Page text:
Transition Salt Spring

Community and Cooperative Living


Community and Cooperative Living

Join this discussion group if you are interested in farm-sharing, community living, and/or other types of cooperative living arrangements.

Members: 10
Latest Activity: Mar 10, 2016

Discussion Forum

Stories about growing food together. 6 Replies

Hello everyone,I was very interested in hearing everyone's stories at Seedy Sunday and wished there would have been more time. Stories are important for me, partly because they inform me on what…Continue

Started by Simon Rompre. Last reply by Simon Rompre Feb 24, 2015.

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Comment by myna lee johnstone on March 10, 2016 at 9:18am
Comment by sarah cordes on June 11, 2015 at 4:27pm

hello! I attended the seedy sunday workshop way back in the day and forgot to write down the emails of the folks who were interested in having people live on their land...would anyone still have that contact info?? thanks!

Comment by Dennis Lucarelli on April 8, 2015 at 8:53am

Transition Salt Spring is looking to identify some long-term (five-year) objectives. Go to Long Term Planning Group to share your ideas before our Annual General Meeting on April 21, 2015.

Comment by Jan Steinman on February 25, 2015 at 2:00pm

(continued, part 2)

EcoReality chose the co-op model for a variety of reasons:

  • Formal incorporation (rather than LLP or JTWRoS) provides a lot of "scaffolding" for exceptional cases, such as "What happens when a member dies?" "What happens in bankruptcy?" "What is requride to force dissolution?"
  • Formal incorporation limits liability of individual members and investors. If there's a legal suit or bankruptcy, losses are limited to what individuals put in.
  • The co-op is largely protected from actions of individual members or investors. For example, it takes a 75% majority vote of all classes of all shares in order to force dissolution or liquidation of a major asset.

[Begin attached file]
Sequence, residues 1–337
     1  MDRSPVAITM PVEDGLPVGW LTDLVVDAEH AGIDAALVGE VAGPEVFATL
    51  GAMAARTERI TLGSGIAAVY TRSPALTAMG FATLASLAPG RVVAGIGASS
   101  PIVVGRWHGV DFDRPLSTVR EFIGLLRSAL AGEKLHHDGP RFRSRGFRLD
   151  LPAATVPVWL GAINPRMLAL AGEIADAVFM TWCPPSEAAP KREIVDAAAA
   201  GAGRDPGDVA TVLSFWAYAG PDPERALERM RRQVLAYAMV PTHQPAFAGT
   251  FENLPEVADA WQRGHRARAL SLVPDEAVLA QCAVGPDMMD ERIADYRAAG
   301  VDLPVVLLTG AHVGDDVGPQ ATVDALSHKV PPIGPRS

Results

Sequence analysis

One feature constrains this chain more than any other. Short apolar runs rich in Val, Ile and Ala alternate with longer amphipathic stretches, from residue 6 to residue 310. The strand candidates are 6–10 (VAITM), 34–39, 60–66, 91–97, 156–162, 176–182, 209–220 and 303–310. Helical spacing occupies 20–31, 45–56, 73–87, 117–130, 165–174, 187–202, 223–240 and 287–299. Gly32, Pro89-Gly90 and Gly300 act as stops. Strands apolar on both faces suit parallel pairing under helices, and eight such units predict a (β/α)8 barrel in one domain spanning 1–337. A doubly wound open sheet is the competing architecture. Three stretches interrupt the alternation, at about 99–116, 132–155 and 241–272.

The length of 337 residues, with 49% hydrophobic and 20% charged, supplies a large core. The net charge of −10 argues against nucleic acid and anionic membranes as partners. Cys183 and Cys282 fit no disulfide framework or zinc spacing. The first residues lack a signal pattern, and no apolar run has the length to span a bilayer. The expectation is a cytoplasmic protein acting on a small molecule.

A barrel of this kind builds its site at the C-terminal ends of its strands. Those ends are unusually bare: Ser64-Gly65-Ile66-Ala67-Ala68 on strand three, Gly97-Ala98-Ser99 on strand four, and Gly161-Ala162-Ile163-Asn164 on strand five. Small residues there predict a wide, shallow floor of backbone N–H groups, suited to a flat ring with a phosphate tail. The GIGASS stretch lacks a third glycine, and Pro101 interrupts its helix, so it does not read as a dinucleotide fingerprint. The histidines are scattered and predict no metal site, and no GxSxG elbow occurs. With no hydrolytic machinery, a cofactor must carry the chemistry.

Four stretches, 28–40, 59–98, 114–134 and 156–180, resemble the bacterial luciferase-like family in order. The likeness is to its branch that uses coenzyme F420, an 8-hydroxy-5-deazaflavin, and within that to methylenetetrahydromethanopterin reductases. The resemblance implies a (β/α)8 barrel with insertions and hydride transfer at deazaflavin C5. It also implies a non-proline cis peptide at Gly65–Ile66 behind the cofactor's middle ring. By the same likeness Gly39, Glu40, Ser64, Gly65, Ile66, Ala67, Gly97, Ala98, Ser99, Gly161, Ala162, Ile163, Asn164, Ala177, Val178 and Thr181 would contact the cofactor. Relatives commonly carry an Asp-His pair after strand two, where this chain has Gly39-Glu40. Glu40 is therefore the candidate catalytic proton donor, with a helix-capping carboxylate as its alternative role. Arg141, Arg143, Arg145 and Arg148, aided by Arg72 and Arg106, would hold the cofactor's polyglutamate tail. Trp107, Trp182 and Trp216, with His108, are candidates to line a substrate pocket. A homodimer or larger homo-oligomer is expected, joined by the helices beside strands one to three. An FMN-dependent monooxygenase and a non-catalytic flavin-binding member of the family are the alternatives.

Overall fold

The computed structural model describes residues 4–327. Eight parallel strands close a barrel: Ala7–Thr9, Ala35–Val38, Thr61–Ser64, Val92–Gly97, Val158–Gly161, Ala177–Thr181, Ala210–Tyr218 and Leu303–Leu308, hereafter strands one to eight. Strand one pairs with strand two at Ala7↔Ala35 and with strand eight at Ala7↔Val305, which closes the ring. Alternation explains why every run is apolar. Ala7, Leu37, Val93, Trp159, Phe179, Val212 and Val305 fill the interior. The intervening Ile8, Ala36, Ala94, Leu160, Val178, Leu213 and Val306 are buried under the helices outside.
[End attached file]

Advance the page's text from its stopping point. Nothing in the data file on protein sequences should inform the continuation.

• We did not want to try to twist the BC Corporations Act away from its emphasis on shareholder profit in order to provide non-monetary benefits to our members and the greater community.
  • "One member, one vote" seemed the most democratic of the incorporated options available.
  • Governance and share structure is flexible, and allows for inclusion of multiple points-of-view, as well as experimental governance models. (Seeing that "democracy" is "two wolves and a sheep, voting on what's for dinner," we use a combination of Sociocracy, stewardship, and limited consensus for our governance.)

Our long-term plan is to provide low-equity, naturally-built housing for thirteen fellow member-funders who together will provide for our basic food and energy needs, with a surplus for the greater community. Find out more via our website!

Comment by myna lee johnstone on February 25, 2015 at 1:53pm

thanks Jan!
I enjoyed your presentation and your FOG summation!

Comment by Jan Steinman on February 25, 2015 at 1:38pm

Presenters are invited to post a summary of their presentation...

EcoReality Co-op is a not-for-profit co-op organic Permaculture farm, dedicated to providing "affordable equity" housing and farmland for people who are interested in collaborative food production.

For the presentation, I'm afraid I didn't say much about EcoReality Co-op, but rather explored the options available for land sharing, their advantages and problems, and the reasons EcoReality chose to form a BC Cooperative Association, rather than some other form of land-sharing.

Some commonly-used land sharing options are: